Computer simulation and statistical modelling: rivals or complements?
Thomas K. Burch, University of Victoria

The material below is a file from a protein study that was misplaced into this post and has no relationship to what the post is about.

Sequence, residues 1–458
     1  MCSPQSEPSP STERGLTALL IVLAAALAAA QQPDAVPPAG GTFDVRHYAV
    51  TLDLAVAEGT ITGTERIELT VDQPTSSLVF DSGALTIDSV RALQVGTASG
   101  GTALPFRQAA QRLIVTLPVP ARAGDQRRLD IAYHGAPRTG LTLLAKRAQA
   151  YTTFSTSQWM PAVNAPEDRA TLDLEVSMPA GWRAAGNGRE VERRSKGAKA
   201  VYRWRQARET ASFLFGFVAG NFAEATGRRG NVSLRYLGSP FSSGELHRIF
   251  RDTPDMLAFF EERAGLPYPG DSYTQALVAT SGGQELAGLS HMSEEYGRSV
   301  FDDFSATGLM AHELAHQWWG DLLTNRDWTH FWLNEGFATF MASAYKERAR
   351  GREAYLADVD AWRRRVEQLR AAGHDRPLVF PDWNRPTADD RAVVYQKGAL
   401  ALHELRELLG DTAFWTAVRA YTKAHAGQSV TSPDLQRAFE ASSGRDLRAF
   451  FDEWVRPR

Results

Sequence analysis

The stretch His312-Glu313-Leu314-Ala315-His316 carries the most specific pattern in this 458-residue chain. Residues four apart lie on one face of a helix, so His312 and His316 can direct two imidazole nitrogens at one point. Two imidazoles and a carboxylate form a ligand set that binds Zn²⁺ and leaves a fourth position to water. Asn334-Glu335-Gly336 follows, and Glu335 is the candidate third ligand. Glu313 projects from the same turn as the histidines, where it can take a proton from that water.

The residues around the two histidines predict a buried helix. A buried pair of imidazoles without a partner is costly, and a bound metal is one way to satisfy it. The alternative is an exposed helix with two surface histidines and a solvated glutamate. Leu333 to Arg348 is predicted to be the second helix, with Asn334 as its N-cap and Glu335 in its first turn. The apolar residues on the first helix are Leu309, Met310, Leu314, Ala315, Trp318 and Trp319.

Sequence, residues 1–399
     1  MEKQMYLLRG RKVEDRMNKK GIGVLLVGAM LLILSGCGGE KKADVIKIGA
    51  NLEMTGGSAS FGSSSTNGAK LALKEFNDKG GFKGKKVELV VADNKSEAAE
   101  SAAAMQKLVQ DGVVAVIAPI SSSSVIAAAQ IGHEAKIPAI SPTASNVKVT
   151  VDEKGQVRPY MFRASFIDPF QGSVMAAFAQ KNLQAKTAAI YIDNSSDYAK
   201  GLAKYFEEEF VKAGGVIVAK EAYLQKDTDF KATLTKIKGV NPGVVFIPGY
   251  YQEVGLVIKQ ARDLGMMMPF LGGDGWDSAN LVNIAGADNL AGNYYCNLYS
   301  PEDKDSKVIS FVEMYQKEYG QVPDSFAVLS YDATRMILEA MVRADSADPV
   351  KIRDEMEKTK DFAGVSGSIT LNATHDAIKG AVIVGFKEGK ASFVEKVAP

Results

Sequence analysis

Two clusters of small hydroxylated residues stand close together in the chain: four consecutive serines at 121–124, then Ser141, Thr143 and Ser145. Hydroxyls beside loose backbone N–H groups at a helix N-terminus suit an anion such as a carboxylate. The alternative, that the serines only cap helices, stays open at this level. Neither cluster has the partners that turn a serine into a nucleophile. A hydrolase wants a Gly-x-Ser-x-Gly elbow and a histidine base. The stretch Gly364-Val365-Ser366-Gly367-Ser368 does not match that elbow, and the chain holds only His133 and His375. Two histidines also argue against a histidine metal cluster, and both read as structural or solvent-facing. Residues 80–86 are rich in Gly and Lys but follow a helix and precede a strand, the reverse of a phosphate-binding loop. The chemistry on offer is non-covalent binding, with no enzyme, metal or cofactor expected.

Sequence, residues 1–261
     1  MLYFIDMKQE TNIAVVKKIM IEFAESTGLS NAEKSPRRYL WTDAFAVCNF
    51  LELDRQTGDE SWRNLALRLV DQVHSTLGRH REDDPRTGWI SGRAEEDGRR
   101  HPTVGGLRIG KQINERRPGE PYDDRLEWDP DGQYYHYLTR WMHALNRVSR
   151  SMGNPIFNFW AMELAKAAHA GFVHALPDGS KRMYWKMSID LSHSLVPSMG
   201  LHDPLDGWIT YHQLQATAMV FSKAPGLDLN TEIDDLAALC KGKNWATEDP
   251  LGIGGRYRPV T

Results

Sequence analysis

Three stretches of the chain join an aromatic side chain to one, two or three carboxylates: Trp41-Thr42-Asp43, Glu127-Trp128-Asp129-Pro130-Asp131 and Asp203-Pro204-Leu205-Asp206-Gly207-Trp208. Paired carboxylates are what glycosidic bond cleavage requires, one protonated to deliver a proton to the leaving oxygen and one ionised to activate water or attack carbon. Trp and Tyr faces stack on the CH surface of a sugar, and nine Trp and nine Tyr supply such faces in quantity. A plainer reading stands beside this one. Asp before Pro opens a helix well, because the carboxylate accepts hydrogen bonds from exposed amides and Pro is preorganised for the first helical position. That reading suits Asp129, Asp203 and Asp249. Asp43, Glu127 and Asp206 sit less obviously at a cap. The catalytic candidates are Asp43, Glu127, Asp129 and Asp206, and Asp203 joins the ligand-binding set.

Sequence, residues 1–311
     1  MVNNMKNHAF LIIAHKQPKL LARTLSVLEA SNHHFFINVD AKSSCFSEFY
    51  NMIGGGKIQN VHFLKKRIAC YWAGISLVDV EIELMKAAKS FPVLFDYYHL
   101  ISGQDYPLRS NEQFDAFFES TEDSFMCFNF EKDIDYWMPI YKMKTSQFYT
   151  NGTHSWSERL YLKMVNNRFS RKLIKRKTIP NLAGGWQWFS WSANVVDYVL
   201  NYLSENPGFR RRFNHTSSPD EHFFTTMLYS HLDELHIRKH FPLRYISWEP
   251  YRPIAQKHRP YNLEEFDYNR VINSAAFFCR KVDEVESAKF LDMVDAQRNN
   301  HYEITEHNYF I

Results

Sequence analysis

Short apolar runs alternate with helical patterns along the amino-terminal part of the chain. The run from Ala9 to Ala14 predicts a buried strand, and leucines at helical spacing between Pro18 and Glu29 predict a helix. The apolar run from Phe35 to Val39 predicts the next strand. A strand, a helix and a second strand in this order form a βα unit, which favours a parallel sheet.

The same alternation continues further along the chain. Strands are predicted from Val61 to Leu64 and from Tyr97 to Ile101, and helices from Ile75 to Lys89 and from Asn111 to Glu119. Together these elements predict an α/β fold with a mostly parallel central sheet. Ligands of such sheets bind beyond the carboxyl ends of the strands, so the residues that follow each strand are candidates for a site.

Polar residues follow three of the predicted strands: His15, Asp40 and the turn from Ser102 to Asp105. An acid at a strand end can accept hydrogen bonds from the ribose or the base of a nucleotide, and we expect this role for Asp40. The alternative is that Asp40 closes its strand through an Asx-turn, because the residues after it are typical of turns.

Conventional statistical analysis and computer simulation exist as two separate research traditions within demography. The lack of better integration of these two streams of analysis is due in part to methodological confusion, in particular, the failure to recognise a crucial distinction – between the form of an analytic tool and the purpose for which it is used. It is the latter which determines the epistemological standing of a particular analysis. In light of this distinction, it is argued that statistical modelling and computer simulation tend toward different uses. Statistical modelling is largely oriented toward representing data; computer simulation is largely oriented toward representing real-world or theoretical systems. They are complementary modes of analysis. And both are products of the human mind, abstract representations of the real world. In this respect, but not others, they are epistemologically similar. Like all scientific knowledge, both are abstract, incomplete and provisional.